motorists should follow Canada's lead and learn that it's never open season on pedestrians
Canada's wilderness animals can be hunted for food outside of their breeding time, hence the well-known term 'in season' for deer, moose and caribou. But never people.
Motorists, it seems, hunt people here at any time. Do they mark on their dashboards hits and near-misses?
Not only do they have right of way on the roads, they assume it on the footpath as well.
As a Canadian living here, I'm always shocked at the risk of crossing the road - or even walking the footpath. One evening, walking on a footpath, a car blocked it trying to get onto the road. The driver allowed me about 18 inches to get by her car.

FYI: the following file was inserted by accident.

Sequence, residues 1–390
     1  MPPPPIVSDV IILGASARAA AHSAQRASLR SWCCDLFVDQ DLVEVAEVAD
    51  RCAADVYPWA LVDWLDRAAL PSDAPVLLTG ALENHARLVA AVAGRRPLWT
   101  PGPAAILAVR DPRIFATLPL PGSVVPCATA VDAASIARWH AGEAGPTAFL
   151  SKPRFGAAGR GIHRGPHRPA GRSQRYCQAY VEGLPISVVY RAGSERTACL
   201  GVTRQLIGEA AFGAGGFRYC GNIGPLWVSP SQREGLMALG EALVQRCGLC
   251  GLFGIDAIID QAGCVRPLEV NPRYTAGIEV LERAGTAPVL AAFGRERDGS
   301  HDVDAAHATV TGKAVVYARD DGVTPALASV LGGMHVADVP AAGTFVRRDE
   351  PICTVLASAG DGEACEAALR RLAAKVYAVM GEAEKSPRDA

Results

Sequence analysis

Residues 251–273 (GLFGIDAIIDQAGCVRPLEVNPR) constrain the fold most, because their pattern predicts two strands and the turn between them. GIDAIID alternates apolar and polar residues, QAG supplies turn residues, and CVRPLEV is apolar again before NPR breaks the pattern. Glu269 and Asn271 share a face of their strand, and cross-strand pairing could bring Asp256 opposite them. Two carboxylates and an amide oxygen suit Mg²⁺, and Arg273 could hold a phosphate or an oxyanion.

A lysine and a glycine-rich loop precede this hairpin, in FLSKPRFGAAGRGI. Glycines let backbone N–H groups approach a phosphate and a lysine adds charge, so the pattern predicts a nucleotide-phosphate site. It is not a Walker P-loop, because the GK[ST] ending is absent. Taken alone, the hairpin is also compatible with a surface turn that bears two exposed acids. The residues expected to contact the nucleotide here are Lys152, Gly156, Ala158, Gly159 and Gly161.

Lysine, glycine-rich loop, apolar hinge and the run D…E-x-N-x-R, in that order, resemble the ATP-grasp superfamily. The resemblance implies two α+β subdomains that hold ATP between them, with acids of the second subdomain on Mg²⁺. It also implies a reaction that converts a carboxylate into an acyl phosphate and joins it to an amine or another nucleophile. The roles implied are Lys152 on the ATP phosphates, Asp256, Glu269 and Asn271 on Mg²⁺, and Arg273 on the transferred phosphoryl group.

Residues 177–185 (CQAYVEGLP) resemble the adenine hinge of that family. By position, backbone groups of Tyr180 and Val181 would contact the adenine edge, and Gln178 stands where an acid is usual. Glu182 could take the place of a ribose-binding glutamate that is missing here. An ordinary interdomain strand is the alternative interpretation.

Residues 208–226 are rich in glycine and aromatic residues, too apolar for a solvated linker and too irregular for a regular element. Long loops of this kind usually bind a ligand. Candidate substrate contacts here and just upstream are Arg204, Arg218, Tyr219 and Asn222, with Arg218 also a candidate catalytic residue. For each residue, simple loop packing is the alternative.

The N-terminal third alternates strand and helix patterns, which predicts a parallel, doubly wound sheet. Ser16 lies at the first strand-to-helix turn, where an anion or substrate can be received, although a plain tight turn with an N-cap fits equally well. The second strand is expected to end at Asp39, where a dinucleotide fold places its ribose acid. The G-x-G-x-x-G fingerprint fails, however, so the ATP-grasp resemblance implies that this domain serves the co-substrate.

I was about to turn to see if a passing articulated lorry might suck me into the traffic when sanity intervened and I indicated to the driver, through a hand signal, to give me more room.
To cut a long story short, the car finally reversed after a sit-in on the bonnet in protest (I'm in my 75th year).
The last time I lived in Canada, in Vancouver, I never heard of one road accident involving a pedestrian. Simply, you go to jail if you knock down a pedestrian - and for a long time.
There, when motorists approach an intersection, they stop to observe if a pedestrian needs to cross and, if not, they then proceed to the intersection.
An experienced British driver, newly arrived, failed the driving test, because he did not stop at the halt sign to see if a pedestrian needed to cross.
When a pedestrian puts a foot on the road in Canada, cars stop. Pedestrians have right of way, because a car is a lethal weapon.
There should be no open season on pedestrians - ever.
GERALDINE SUSAN GRICE
Newry, Co Down